Campus SpongeBob fans absorb loss of show creator


Who lives in a pineapple under the sea?


On May 1, 1999, Stephen Hillenburg answered this question with the release of his underwater animated sitcom: SpongeBob SquarePants. 19 years later, on Nov. 26, 2018, the marine-biology-teacher-turned-animator died at 57.

“I heard about Stephen's passing through Facebook the day it happened, and it felt like a large part of my childhood suddenly dropped,” Kayla VanTassel, junior psychology and sociology major, said.

VanTassel, along with two other life-long SpongeBob fans, mused on the show.

“To our generation, SpongeBob is a common thread that ties every one of us together,” Trenton Maher, senior history education major, said.

The show, Maher explained, has a strong presence on campus.

“I probably reference the quote ‘we forgot his name’ at least twice a week,” he said. “Just today in the elevator a student made a reference to when a character said ‘how many times do we have to teach you this lesson old man?’ The whole elevator laughed.”

Michael Mondock, junior history major, said the cartoon has a connecting effect among his generation. He compared it to historical anecdotes, such as Aesop’s Fables, which “everyone” knew and used as “cultural examples of things.”

“In general, you can’t go very far in the millennial cultural landscape without contacting SpongeBob at all,” Mondock said. “I think there’s people who have never seen the show that have seen, perhaps, at least one or two of the memes that have come out of it.”

He said the cartoon’s connecting effect is why the show has inspired so many memes.

Mondock also said part of what makes SpongeBob a great show is the rapid-fire consistency of the jokes.

“Every chance any character gets, it seems like they’re trying to crack something that will contribute to a laugh,” he said. “And a lot of it’s just really good.”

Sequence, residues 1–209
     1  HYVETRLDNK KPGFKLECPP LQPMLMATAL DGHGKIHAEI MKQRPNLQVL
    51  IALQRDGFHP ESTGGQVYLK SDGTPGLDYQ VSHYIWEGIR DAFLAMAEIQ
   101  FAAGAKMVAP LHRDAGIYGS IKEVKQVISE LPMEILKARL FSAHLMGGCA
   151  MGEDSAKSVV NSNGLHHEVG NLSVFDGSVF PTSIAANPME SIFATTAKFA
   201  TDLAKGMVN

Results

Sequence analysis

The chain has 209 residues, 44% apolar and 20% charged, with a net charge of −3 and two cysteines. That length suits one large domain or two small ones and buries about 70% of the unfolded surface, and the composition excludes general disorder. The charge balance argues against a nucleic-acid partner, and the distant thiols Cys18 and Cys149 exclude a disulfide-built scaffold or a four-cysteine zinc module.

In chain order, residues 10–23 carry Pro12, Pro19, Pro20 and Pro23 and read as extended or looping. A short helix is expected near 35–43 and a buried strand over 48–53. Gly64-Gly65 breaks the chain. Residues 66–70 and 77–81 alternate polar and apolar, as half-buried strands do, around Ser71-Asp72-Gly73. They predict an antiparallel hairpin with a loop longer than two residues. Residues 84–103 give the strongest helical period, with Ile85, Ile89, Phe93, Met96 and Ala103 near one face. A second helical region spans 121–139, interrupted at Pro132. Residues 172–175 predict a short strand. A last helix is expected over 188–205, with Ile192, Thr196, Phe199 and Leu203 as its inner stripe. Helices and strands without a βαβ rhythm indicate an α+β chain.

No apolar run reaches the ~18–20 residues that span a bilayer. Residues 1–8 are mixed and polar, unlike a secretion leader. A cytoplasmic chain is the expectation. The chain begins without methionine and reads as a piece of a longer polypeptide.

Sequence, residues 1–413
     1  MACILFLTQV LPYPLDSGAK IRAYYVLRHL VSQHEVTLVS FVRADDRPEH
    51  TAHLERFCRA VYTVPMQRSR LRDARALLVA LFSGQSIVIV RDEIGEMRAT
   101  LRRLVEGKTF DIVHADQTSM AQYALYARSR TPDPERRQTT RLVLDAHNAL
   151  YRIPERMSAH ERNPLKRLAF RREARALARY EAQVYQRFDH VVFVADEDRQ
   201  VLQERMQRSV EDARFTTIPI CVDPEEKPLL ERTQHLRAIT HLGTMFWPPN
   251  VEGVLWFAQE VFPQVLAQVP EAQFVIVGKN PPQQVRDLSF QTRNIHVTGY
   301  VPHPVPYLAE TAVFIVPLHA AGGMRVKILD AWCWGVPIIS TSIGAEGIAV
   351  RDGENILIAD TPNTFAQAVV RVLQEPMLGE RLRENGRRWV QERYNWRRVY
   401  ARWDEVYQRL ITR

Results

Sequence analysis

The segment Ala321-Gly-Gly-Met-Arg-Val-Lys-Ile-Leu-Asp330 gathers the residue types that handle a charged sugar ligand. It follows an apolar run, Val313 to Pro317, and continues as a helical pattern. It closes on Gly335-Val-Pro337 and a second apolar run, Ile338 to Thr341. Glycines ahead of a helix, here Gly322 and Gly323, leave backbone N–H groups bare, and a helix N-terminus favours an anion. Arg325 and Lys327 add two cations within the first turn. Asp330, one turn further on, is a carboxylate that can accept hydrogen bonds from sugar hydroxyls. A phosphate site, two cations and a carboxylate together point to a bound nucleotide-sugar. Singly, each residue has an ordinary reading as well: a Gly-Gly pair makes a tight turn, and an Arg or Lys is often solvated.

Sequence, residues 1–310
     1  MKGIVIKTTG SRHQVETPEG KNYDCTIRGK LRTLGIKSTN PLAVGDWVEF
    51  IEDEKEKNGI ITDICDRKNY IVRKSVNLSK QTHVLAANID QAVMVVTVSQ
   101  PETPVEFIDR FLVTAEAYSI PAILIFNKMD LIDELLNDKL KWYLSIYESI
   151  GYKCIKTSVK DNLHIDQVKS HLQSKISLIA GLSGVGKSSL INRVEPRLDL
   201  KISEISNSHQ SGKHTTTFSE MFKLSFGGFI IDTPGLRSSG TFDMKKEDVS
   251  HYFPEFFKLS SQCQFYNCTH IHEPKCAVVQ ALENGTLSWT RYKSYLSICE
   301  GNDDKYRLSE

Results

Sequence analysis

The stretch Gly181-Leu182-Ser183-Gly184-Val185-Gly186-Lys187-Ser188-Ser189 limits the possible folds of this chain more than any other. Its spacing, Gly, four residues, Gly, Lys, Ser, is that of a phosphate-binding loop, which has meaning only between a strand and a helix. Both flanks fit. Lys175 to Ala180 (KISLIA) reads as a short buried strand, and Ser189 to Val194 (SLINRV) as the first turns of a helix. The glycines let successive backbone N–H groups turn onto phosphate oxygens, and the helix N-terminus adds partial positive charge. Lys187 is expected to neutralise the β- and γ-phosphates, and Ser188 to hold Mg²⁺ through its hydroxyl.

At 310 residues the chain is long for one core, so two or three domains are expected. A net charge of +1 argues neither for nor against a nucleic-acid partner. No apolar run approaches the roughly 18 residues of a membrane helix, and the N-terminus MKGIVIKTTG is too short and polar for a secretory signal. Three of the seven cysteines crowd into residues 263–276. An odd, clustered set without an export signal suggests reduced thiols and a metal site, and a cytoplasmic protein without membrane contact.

The characterization among several of the characters is interesting – most notably being between the optimist SpongeBob and pessimist Squidward, who “form a very strange and unique almost-friendship,” Mondock said.

VanTassel said that, while the show ordinally seemed meaningless to her, she eventually found the show to teach valuable lessons.

First, she said, SpongeBob never quits even though he repeatedly fails to get his driving license – a message of persistence VanTassel said she lives by.

And second, even though characters notice that SpongeBob is not “exactly a smart character,” he never lets it bother him.

“He was never upset about it, and never questioned his meaning as a person,” VanTassel said.

Mondock noted, however, that most people only like the first three seasons of SpongeBob.

“After Hillenburg left [after season three], the series seemed to go a bit downhill,” he said. “I think there was something that was missing.”

Many of these episodes, Mondock said, lacked the original wit the show had, and used gross-out gags that did not work.

Mondock said he is thankful for Hillenburg sharing his idea about SpongeBob.

“He could have just kept it to himself,” he said. “And that would have deprived our generation of something truly remarkable.”

Mondock speculated on the staying power of SpongeBob – which is on its 12 season, has spawned two movies and a Broadway musical, and has a third movie planned for 2020.

“He’s Nickelodeon’s perennial character now,” he said. “So many titans have risen and fallen, and there’s this little sponge that’s stood it all.”

Mondock said he hopes the character SpongeBob lasts the way Mickey Mouse and Bugs Bunny have.

“I hope future generations can get that same joy out of

that we could. I think, if that happens, the greater Hillenburg’s legacy,” he said. “But at the very least, he’s touched our hearts, so maybe that’s what matters.”

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